The Guidebook is designed for use by transportation planners and research and operational staff. Its contents

  • Define a common language related to truck freight bottlenecks
  • Classify truck freight bottleneck categories based on causal and contributing factors
  • Describe truck bottleneck state of the practice
  • Provide highlights from several case studies related to truck bottlenecks
  • Describe data sources used for truck bottleneck analysis
  • Provide a spatially scalable methodology for identifying truck freight bottlenecks
  • Describe quantitative measures for truck freight bottleneck categories for determining bottleneck severity, impact, and ranking and subsequent decision-making
  • Describe mitigation options for truck freight bottlenecks
  • Describe how to integrate freight bottleneck analysis into the planning process.

The Guidebook embraces a broad term for “truck freight bottlenecks” as any condition that acts as an impediment to efficient truck travel, thereby leading to travel times in excess of what would normally occur. This definition encompasses a wide range of events and conditions, all of which add time to the delivery of truck freight shipments, from the time those shipments leave their origin to the time they arrive at their destination.

The Guidebook describes two methodologies for identifying truck freight bottlenecks:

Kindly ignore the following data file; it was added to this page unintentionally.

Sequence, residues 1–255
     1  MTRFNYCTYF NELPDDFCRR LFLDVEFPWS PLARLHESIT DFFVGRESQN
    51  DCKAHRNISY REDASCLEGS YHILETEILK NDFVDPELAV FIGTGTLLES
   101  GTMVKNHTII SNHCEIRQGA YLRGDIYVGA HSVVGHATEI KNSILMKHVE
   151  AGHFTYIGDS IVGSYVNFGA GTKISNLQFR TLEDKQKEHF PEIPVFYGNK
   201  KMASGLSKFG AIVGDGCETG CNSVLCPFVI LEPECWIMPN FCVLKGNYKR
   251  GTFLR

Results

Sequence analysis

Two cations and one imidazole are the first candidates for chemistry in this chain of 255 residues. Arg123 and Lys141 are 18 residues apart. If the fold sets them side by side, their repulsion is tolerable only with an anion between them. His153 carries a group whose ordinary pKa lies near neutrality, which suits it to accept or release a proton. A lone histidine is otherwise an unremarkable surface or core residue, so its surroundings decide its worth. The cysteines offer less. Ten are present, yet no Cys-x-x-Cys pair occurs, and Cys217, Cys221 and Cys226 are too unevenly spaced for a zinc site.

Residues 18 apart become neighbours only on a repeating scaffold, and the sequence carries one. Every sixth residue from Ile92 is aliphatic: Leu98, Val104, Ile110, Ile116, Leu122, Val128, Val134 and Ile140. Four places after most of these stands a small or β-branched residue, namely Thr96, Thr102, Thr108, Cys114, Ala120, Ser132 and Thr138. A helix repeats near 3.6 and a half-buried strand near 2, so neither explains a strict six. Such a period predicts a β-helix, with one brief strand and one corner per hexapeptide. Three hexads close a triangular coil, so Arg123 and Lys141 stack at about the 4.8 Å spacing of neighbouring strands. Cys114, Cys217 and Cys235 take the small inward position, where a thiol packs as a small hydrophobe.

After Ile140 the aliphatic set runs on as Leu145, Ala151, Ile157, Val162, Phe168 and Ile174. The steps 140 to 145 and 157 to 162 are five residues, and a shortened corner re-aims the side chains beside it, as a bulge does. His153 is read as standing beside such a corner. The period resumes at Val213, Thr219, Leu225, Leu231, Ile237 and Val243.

• A travel speed-based delay methodology, and
  • A process or operation delay-based methodology.

The bottleneck analysis described in the Guidebook focuses on utilizing truck probe data rather than traditional travel demand models. Truck probe speed data can be used in conjunction with other data sources (e.g., crash data, weather data, volume data) to identify the causes of bottlenecks. The methodologies are scalable in multiple ways, and this will allow agencies to use their available data resources regardless of the source or size of those resources. In addition, the same analytical approach will work whether the analysis is performed for an entire state highway network, a regional network, or even a specific city. The recommended approach can also be applied to a single road segment, multiple roads within a geographic corridor, an entire region, to all roads in the state, or to all roads in a multistate region. Finally, the methodology can be used to demonstrate the benefit of bottleneck improvements to truckers, policy decision-makers, and the general public. This is particularly true for bottlenecks based on operational restrictions (such as geometric or height restrictions or truck bans).